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Where to Buy Golf Balls Colorado Springs CO

Local resource for where to buy golf balls in Colorado Springs. Includes detailed information on local businesses that provide access to golf shops with golf balls such as Titleist, Nikegolf, Bridgestone golf, TaylorMade, Callaway, Wilson, Top Flite, Precept, Pinnacle and more, as well as advice on used golf balls.

Sports Authority
(719) 574-1400
Rustic Hills Shopping Mall, 1409 N. Academy Boulevard
Colorado Springs, CO
Services
Golf Hitting Cage, Golf Trade-In Program, Ski-Snowboard Rentals & Jr. Season Lease, Ski-Snowboard/Bike Tech Shop, Firearms/Hunting, Hunting and Fishing Licenses, Delivery & Assembly
Hours
Monday - Saturday: 9:00am - 9:30pm
Sunday: 10:00am - 8:00pm
Holiday hours may vary.

Professional Golf Discount
(719) 302-0054
1670 East Cheyenne Mountain Boulevard
Colorado Springs, CO
 
Sports Authority
(719) 532-1020
7730 N. Academy Boulevard
Colorado Springs, CO
Services
Golf Day Shop, Golf Hitting Cage, Golf Trade-In Program, Ski-Snowboard Rentals & Jr. Season Lease, Ski-Snowboard/Bike Tech Shop, Firearms/Hunting, Hunting and Fishing Licenses, Delivery & Assembly
Hours
Monday - Saturday: 9:00am - 9:30pm
Sunday: 10:00am - 8:00pm
Holiday hours may vary.

Gleneagle Golf Club
(719) 488-0900
345 Mission Hill Way
Colorado Springs, CO
 
Play It Again Sports
(719) 574-4849
1033 N Academy Blvd
Colorado Springs, CO
 
Fore! Golf Balls
(719) 272-6414
3911 Magnolia Street
Colorado Springs, CO
 
Professional Golf Discount
(719) 260-7193
5783 North Academy Boulevard
Colorado Springs, CO
 
Appletree Golf Course - Maintenance Facility
(719) 382-7370
9910 Peaceful Valley Road
Colorado Springs, CO
 
Sports Authority
(719) 574-1400
1409 N Academy Blvd
Colorado Springs, CO
 
Pappy'S Golf Shop
(719) 633-2064
4030 Sinton Rd
Colorado Springs, CO
 

What Are The Best Golf Balls

Golf balls have come a long way from the days of the "feathery" – a ball used beginning before the 1600s that was actually made with goose or chicken feathers. The process used to make the feathery surprisingly produced a very hard ball that was essentially hammered into roundness and covered with several coats of paint. The time and effort needed to make these golf balls made them relatively expensive.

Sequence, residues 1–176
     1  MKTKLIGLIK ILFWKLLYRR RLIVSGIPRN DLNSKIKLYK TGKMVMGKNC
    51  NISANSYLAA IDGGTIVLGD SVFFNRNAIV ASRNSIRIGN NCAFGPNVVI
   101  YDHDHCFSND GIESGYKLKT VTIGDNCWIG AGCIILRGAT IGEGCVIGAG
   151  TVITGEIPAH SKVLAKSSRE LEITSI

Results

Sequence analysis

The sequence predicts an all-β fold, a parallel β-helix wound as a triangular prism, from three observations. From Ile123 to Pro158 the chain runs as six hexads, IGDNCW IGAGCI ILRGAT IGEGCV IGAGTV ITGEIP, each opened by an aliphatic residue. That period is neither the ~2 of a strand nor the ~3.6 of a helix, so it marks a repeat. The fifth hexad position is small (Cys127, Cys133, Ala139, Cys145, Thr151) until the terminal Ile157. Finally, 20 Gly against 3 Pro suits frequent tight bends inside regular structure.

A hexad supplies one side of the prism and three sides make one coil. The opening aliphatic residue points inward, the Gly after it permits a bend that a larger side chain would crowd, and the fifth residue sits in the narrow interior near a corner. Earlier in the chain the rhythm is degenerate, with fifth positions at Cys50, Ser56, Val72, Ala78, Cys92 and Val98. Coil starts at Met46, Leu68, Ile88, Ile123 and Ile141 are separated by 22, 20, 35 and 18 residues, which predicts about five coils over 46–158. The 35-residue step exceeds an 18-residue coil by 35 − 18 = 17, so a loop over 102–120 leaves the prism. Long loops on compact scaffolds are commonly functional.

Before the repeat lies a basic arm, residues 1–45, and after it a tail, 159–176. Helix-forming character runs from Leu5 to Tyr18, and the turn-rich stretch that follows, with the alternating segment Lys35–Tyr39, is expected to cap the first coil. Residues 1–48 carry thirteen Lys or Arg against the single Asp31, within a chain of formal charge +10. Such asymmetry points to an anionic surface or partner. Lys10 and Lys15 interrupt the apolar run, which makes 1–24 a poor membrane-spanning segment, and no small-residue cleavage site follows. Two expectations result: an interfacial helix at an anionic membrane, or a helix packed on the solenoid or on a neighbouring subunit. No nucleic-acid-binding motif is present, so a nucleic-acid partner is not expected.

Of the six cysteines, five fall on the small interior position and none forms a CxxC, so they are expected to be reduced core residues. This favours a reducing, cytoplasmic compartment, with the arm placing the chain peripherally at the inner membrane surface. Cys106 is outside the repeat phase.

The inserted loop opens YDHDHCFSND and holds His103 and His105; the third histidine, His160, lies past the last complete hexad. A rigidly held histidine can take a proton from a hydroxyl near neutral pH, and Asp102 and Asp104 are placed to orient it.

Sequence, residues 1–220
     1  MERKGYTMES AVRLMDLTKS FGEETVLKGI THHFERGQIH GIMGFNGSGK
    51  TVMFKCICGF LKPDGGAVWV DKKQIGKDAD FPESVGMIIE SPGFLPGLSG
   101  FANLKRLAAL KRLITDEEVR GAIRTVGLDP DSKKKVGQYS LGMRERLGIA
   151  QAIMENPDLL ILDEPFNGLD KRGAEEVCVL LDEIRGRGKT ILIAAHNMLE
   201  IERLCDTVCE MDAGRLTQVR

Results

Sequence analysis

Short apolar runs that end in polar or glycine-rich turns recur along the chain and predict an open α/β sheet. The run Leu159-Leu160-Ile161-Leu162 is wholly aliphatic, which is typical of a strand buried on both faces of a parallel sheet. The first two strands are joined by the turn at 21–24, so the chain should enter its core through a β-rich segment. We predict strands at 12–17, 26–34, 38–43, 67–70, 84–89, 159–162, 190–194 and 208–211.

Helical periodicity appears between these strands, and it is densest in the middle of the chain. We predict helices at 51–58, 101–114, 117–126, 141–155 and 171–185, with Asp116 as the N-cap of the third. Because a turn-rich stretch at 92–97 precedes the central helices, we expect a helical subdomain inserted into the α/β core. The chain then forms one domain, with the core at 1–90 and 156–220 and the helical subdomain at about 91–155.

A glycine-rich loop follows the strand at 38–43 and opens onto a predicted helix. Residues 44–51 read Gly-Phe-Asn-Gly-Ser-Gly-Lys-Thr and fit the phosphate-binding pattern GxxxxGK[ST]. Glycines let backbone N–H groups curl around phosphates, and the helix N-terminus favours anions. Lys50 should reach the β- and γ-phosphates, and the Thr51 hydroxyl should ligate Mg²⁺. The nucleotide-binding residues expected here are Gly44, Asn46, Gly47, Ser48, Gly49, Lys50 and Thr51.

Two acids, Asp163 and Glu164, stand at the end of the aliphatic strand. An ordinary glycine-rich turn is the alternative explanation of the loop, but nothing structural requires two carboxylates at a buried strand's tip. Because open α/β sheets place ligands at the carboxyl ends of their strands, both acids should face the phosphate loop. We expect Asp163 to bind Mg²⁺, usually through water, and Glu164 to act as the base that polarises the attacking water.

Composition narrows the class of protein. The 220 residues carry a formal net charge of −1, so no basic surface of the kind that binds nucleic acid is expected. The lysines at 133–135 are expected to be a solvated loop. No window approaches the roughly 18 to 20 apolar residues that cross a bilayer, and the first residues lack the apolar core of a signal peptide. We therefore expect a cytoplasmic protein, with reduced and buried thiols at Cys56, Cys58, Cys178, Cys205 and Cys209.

Gutta-percha golf balls appeared in 1848 and, despite grumblings from golfing purists, supplanted the feathery as the game's favorite. Sometime after the Gutta made its appearance, golfers realized that a ball with nicks and scrapes actually performed better than one with a smooth surface. That was the prelude to the introduction of the modern golf ball, which also prompted the USGA and the Royal and Ancient to adopt specific design criteria for golf balls. They wanted to make sure everybody played a ball that wasn't juiced or altered for more superior performance.

Nowadays there are literally dozens of golf ball brands to choose from. Some promise more distance, others claim to perform soft-shoe routines when they hit the green. There really isn't too much to separate one brand from another. A few years back, tests were done to find how far various brands of balls could travel. Using "Iron Mike," a robotic golf-swinging machine, the testers fired a couple dozen brands of balls down range. There wasn't much difference in any of them. All the testers could find was that some balls do perform better when hitting the greens on approach shots.

Your choice of golf ball can be determined by how you play the game. Beginners shouldn't spend a lot of money on golf balls. Consider how many shots wind up in hazards, including the wet kind, and it doesn't make sense to spend more than is necessary for those with minimal playing ability.

Deciding which golf ball best suits your game can mimic your climb up...

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